LONDON — Nearly a year after Britain voted 52 percent to 48 percent to withdraw from the European Union, those on the pro-E.U. side still think that the idea of leaving the bloc registers somewhere between doltish and disastrous. The Remainers have not enthusiastically embraced the winning side. They are not born-again Brexiteers.
But they are not coalescing around a single party ahead of Britain’s June 8 election. Instead, they’re splitting their support several ways, with a sizable faction even supporting the Remainer-turned-Brexiteer prime minister, Theresa May. Those who backed Brexit, by contrast, are flocking to the Conservatives.
As a result, the Remainers are the invisible man in this election, underscoring just how much May has altered the political landscape since coming to office last summer in the wake of the Brexit vote. The failure of the 48 percent to unify is one of the main reasons May remains on course for victory, even as her Conservative Party slips in the polls.
“Remain voters still think that leaving the E.U. is by and large a daft idea,” said Marcus Roberts, director of international projects at the YouGov polling agency. But he said the splintering can be explained in part by the original Brexit tribes of Leavers and Remainers having morphed into new categories: those who back their sides even more strongly and those who have flipped to the Brexit camp, which he calls Re-Leavers.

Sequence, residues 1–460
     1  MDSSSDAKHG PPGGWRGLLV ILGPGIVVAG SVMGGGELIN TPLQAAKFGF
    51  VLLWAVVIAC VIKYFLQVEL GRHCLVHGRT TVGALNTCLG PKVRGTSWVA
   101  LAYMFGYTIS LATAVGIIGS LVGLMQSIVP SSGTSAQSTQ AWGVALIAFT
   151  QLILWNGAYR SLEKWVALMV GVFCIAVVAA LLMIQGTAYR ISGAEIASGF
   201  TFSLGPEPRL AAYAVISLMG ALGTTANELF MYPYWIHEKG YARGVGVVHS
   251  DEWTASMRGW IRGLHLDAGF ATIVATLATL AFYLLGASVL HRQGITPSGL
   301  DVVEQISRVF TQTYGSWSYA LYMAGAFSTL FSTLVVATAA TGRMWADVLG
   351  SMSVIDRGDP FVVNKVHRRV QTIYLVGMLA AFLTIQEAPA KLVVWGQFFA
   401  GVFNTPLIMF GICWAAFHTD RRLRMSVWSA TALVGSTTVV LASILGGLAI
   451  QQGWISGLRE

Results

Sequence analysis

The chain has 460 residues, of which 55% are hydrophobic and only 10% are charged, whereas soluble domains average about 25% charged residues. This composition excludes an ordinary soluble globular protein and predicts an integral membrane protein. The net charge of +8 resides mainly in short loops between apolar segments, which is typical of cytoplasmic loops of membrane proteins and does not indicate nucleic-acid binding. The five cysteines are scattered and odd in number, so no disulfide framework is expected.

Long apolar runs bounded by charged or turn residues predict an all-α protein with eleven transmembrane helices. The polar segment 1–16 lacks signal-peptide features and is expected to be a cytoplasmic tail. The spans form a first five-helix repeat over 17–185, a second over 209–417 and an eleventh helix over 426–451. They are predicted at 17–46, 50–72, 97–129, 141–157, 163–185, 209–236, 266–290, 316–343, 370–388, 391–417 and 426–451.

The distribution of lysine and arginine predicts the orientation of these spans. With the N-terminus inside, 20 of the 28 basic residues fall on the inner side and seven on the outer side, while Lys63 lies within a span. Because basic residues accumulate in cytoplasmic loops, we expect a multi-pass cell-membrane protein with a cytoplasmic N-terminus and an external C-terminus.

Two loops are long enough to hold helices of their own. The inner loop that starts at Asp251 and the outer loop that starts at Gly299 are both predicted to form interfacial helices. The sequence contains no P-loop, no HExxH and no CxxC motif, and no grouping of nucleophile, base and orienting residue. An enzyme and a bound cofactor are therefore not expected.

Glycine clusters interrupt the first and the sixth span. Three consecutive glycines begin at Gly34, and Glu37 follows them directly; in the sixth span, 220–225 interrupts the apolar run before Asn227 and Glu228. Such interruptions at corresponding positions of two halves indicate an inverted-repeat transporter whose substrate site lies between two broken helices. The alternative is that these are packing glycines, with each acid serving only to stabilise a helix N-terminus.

He said that nearly half of those who voted to remain in the E.U. — the Re-Leavers — now just want to make the best of an undesirable situation. For some, that means voting for the Conservatives, whose leader has signaled a hard break with Europe but is viewed by many voters as the best person to negotiate the upcoming divorce talks with the E.U.
“It is very British to get on with it and make do with the situation,” said Roberts, who noted that May herself was a Remainer but quickly shifted gears after her side lost the referendum.
“Theresa May, you could say, was the first Re-Leaver, the first person to grasp the fundamental truth of the British character: After a big event has happened, we don’t as a culture re-litigate that event. We try to move on and make the best we can,” he said.
The fragmenting of the Remainer vote can be seen vividly on the streets of London’s Vauxhall district, one of the most ardently pro-E.U. areas of the country. Here, voters should in theory be attracted to the Liberal Democrats, the centrist party that is campaigning to try to blunt the impact of May’s plans for a hard break with Europe.
But instead, the clear front-runner in the pro-Remain Vauxhall is a pro-Leave lawmaker who campaigned alongside arch-Brexiteer Nigel Farage. Kate Hoey, 70, is an independent-minded member of the Labour Party. Unlike her party — which has adopted a fudged position on Brexit — Hoey is an outspoken E.U. skeptic.
“Why did you vote to leave?” demanded Shola, 25, a Remainer who gave only his first name and on a recent day confronted Hoey at a bustling community center where she was campaigning.
“We’re a wonderful country. We didn’t need to be part of a little mafia,” Hoey replied as she launched into an argument about how Britain was on the brink of regaining its freedom and would soon be able to cast off the shackles of Brussels. By the time Hoey was done, her interlocutor said he’d vote for her as he did in the last election.